Archive | August 2017

A (short) Winter’s (birding)Tale

Some of our merry band – the Alpha women anyway. As for the men, Peter is taking the photo, and Syko is lurking behind the girls I think, and the other David has wandered away hoping for a pic of the elusive Rose Robin.

 

Ten of us, including David Neradil’s neighbour Peter, set off in glorious weather for the monthly bird adventure on August 9, this time to the Lower Beechmont Reserve at Clagiraba.  As we drove along the spine of Tamborine the mountains to the west stood out dusky blue against the more vivid blue of the winter sky.  When we turned east to descend Henri Robert Drive the ocean ahead of us glittered like a vast silvery-blue mirror.  Just a perfect day to go birdwatching!

Though even at 7.30, where we reached our stop at Clagiraba Creek, it was COLD! Down to seven degrees Celsius and the ground covered with a light frost.  So we stayed only long enough to pick up a few brave birds before driving the short distance to the reserve entrance.  Here we met Gold Coast birdo Shirley who had arranged to join us.

The silent trees soon offered us a few peeps and tweets and as the sun penetrated the canopy we soon found ourselves surrounded by Yellow Robins, Scarlet Honeyeaters and Brown and Striated Thornbills.  This was one of those expeditions where everyone in the group contributed to bird identification and soon the list began to grow.  Including a pair of Wedge-tailed Eagles which flew majestically and rather scornfully from their roost with several Sulphur-crested Cockatoos screeching in alarm.

It was a relief to get out of the trees and into the sunlit open area around the small lake.  Here we stopped for smoko and watched a White-faced Heron gracefully fishing around the edge of the water and an Azure Kingfisher obligingly flyin low from one perch to another so we could get good photos of it.  While some of us munched our snacks, David Neradil went off and found the much-desired Rose Robin. And David Sykes then hunted for the next part of the track, resulting in a scramble through the forest and across the creek with Julie muttering all the while that she was SURE there was a better track further along.  As indeed there proved to be, and in future we’ll know where it is.  There are several old and new well-marked tracks in the reserve today  and they deserve further exploration.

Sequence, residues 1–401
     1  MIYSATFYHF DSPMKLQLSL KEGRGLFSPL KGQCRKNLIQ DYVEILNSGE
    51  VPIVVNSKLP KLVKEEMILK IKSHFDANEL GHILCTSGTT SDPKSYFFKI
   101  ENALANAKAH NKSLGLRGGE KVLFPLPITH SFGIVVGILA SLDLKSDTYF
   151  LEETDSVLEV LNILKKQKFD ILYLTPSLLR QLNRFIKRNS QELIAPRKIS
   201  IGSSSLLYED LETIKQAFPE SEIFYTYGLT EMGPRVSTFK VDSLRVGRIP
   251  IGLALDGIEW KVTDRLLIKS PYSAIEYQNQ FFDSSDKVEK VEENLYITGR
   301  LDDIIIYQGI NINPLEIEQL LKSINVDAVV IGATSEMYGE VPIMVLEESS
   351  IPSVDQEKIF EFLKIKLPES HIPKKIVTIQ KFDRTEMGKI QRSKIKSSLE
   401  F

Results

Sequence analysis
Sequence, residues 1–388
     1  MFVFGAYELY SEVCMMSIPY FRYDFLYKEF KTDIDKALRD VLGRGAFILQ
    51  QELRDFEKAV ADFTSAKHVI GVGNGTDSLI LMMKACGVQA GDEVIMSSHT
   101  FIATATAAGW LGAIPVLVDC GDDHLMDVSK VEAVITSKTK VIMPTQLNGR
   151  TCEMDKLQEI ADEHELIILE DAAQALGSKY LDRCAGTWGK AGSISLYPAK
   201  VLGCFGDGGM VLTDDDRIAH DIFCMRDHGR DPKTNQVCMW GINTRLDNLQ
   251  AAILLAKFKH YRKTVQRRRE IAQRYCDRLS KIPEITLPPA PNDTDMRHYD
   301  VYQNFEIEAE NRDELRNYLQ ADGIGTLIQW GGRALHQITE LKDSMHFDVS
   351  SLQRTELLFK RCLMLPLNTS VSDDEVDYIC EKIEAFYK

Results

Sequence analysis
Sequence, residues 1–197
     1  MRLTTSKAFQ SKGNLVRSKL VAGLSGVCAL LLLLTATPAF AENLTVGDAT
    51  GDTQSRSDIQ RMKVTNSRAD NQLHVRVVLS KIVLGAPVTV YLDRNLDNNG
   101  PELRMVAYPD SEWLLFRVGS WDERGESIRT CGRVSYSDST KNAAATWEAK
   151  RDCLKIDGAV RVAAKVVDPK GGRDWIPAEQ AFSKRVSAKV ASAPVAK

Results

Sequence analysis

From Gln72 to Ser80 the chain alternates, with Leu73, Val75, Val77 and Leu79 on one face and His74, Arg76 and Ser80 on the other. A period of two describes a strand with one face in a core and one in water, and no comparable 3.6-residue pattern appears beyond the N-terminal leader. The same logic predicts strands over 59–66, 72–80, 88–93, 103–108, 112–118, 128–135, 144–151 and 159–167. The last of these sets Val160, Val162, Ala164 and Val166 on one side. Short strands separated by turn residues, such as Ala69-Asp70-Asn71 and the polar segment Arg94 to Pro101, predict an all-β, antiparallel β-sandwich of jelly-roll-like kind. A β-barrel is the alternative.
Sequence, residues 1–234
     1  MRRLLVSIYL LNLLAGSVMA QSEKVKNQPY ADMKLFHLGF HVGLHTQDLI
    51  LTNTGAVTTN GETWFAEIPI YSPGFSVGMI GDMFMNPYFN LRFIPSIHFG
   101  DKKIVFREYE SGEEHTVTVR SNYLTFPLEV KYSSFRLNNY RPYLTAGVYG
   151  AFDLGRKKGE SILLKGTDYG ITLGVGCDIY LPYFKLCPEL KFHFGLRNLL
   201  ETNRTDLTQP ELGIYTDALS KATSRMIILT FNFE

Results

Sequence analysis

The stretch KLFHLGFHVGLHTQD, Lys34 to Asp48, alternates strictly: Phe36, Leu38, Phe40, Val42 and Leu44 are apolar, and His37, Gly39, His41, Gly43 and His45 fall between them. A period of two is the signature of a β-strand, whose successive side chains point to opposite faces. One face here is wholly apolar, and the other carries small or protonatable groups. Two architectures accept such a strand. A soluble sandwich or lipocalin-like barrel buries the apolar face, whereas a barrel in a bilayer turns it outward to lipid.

We followed the creek back down to join the main track and Kylie found a nesting Striated Pardalote while Shirley spotted White-throated Honeyeaters bathing in a rock pool.  A lot of birds were obviously taking advantage of the overall warm late-winter conditions to start their spring nesting; we found (and photographed) a lovely little Eastern Yellow Robin’s nest and other birds we saw ad heard were obviously in mating mood.

For once we kept to our schedule of a half day only and were home by noon, with a nice round number on the list of 50 birds for the morning – not bad for a leisurely five or so kilometre meander through a small area of limited habitat variation.

Our first stop by Clagiraba Creek and with all that frost on the ground a shivering Jan is begging for us to move on!

BIRD LIST

  1. Red-backed Fairy Wren (outside reserve)
  2. Superb Blue Fairy Wren
  3. Brown Cuckoo-dove
  4. Spotted Dove
  5. Bar-shouldered Dove
  6. Pied Butcherbird
  7. Magpie Lark
  8. Magpie
  9. Crow
  10. Pied Currawong
  11. Noisy Miner
  12. Olive-backed Oriole
  13. White-browed Scrubwren
  14. Large-billed Scrubwren
  15. Brown Thornbill
  16. Striated Thornbill
  17. White Ibis
  18. Whipbird
  19. King Parrot
  20. Sulphur-crested Cockatoo
  21. Figbird
  22. Wood Duck
  23. Pacific Black Duck
  24. Australasian Grebe
  25. Scarlet Honeyeater
  26. White-throated Honeyeater
  27. Lewin’s Honeyeater
  28. Silvereye
  29. Striated Pardalote
  30. Spotted Pardalote
  31. Eastern Yellow Robin
  32. Rose Robin
  33. Varied Sitella
  34. Kookaburra
  35. Azure Kingfisher
  36. Grey Fantail
  37. Fantail Cuckoo
  38. Satin Bowerbird
  39. Mistletoe Bird
  40. Wedge-tailed Eagle
  41. Masked Lapwing
  42. Black-faced Cuckoo Shrike
  43. White-faced Heron
  44. Red-browed Finch
  45. Welcome Swallow
  46. Grey Shrike Thrush
  47. Golden Whistler
  48. Rainbow Bee-eater
  49. White-throated Treecreeper
  50. Cisticola

 

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